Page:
I've had a panda plant indoors in my office, by a west-facing window for about 6 months or so. Yesterday I found that there are red/brown ants around my plant and it is obvious that their target is actually my plant.

The only possible reason I can think of, is that the ants are attracted by the organic fertilizer I added to the surface of the soil a few weeks ago. The fertilizer is black, and has a cylinder shape, about 1cm long each. The instruction from the fertilizer bottom said that they can be added to the surface or mixed into the soil. So, to keep it simple, I just added it to the surface. Yesterday I saw that there's white mold on the top of the fertilizer granules, so I removed them, hoping that they will disappear the next day.

However,some of the ants still remained in the dish used to hold the excess water, and I had to kill them manually. I would like to take it back home and spray some pesticide on it. I hope they are not building a nest inside (the pot is small though, about 10 cm long).

What could be the reason for the appearance of ants?

  • The ants were gone after I had sent it back to home. I don't know why. Oct 23, 2011 at 17:01

2 Answers 2


Inspect the plant for other critters that ants like. They're small - easy to overlook. Aphids and mealybugs are pretty obvious once you look closely. If you don't see them, google-image for pictures of plant scale, then check for that. If you didn't know it's a bug, you'd think it's just some kind of minor plant defect.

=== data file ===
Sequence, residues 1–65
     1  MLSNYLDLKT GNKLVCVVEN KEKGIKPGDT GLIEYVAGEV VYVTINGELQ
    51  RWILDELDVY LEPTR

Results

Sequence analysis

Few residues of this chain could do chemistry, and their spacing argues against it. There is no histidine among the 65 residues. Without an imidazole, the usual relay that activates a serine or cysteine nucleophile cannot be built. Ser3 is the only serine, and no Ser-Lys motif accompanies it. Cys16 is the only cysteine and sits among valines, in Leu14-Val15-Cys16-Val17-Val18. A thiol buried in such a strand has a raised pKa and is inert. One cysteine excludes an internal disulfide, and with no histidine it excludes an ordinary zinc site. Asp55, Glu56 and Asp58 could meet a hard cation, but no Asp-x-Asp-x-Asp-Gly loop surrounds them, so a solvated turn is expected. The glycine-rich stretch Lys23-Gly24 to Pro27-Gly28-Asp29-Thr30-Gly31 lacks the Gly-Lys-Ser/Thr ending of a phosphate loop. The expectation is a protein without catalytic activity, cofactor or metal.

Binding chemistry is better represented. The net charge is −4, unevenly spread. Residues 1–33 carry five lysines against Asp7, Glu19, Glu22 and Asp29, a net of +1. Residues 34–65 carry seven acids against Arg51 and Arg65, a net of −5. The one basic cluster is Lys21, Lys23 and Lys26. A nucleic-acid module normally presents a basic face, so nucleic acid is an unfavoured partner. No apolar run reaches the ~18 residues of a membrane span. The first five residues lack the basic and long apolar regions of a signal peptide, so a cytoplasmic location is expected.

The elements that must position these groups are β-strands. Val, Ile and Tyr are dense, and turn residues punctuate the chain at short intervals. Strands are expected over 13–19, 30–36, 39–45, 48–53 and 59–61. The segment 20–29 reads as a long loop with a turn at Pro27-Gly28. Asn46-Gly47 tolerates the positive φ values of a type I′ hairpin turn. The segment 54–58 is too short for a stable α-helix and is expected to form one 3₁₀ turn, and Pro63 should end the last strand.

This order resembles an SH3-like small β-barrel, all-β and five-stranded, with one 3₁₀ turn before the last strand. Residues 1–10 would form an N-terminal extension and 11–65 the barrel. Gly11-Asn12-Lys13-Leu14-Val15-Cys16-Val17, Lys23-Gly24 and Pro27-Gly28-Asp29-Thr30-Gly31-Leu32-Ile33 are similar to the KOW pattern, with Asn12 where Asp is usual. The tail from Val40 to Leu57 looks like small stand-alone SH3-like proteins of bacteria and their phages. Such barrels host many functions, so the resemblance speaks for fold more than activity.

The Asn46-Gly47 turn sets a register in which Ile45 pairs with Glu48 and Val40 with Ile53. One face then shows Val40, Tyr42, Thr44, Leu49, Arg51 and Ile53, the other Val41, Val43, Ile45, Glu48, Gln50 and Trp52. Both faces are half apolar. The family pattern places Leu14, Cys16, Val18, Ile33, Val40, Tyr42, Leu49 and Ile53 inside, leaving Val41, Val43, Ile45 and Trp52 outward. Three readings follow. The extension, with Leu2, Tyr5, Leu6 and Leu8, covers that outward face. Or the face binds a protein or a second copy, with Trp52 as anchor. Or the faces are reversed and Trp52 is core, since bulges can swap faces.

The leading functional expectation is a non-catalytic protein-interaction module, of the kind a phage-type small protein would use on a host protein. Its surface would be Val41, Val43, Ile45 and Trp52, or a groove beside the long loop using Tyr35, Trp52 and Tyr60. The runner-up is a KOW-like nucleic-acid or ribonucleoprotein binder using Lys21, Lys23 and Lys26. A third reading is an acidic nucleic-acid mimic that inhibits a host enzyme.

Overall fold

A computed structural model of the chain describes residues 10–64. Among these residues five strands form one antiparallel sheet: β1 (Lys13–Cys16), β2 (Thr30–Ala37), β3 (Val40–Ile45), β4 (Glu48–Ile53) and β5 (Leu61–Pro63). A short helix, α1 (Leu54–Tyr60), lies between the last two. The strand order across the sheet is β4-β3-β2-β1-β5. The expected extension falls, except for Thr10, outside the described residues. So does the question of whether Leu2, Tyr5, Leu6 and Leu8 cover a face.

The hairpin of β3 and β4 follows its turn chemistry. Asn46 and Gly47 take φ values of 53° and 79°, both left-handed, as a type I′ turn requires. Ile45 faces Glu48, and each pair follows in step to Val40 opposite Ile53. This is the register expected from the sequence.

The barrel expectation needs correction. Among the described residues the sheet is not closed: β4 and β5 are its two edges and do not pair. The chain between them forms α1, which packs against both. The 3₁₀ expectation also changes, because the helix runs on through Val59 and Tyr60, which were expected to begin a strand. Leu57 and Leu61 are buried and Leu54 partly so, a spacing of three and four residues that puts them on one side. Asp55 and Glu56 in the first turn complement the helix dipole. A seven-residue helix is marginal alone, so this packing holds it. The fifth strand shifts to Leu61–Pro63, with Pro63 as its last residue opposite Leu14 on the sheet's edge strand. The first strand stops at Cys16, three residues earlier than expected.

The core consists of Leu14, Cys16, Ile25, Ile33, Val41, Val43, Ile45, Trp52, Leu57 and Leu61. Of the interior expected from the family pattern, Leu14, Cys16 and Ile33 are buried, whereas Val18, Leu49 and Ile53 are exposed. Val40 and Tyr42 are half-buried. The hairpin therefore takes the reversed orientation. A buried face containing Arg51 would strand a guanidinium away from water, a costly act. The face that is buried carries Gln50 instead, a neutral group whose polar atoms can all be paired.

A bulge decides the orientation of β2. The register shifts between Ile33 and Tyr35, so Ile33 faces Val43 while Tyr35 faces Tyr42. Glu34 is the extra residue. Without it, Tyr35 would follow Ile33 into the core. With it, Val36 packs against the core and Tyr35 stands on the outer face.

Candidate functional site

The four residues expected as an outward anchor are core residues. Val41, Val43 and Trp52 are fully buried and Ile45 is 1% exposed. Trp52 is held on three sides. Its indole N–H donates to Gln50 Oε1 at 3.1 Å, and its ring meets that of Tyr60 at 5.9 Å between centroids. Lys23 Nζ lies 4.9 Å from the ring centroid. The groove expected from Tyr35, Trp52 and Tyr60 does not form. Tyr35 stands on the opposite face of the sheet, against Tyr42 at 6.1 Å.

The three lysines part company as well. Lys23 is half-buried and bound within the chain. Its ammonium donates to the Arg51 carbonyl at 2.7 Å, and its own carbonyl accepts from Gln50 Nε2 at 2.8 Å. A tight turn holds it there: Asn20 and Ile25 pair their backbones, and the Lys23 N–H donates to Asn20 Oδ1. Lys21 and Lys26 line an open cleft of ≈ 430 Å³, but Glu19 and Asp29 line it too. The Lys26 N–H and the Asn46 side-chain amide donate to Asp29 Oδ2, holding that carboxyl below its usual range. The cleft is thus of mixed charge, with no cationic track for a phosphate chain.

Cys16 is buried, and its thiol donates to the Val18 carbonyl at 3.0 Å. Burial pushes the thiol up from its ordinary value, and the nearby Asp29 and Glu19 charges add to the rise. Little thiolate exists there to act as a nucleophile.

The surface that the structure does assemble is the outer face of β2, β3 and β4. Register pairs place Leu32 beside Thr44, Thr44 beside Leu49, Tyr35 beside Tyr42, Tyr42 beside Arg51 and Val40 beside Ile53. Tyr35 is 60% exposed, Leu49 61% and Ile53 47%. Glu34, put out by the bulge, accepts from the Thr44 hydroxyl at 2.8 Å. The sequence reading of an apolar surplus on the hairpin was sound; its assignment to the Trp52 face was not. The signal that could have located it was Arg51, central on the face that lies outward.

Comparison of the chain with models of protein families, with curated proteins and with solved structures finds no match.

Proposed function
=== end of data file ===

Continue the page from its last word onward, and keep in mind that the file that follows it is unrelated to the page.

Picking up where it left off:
• Ed is spot on. Ants 'farm' other insects to feed off the the nectar like dew that is the waste of the insect devouring the plant. Since it's Kalanchoe, a succulent plant, you are more likely to find mealy bugs than the other two mentioned. newprocontainers.com/blog/identify-manage-mealybugs
    – GardenGems
    Nov 5, 2019 at 23:15

What could be the reason for the appearance of ants?

As far as I'm aware (which means very little) most species of ants don't feed on living plants... Someone please correct me if I'm wrong on this.

Ants coming indoors is "generally" a sign their food sources are in short supply outside, thus they move inside looking for food, or they have been attracted by a smell they associate with food...

Therefore I'm thinking possible reasons for seeing ants around your indoor Panda plant:

Biology and habits via Ants article on University of Missouri Extension website:

Ants are omnivores and search for a variety of foods. The search for food is the primary reason ants enter buildings and become pests. The search for food typically involves individual ants meandering away from the nest. When an ant discovers food, she takes a straight route back to the nest and lays a scent trail as she returns. Other workers follow her scent trail to the discovered food and recruit large numbers of their nestmates to quickly exploit it. When the food source is liquid, workers consume it and store excess in their bodies to regurgitate and share with the rest of the colony. When the food is solid, the ants transport it back to the nest, where larvae convert it to liquid and then feed it back to workers. The most common natural food source for ants is honeydew. Honeydew is a liquid excretion made by insects such as aphids, mealybugs and scales. Often ants guard these insects as they feed on plant leaves, stems or roots in order to have unlimited access to the honeydew they produce.

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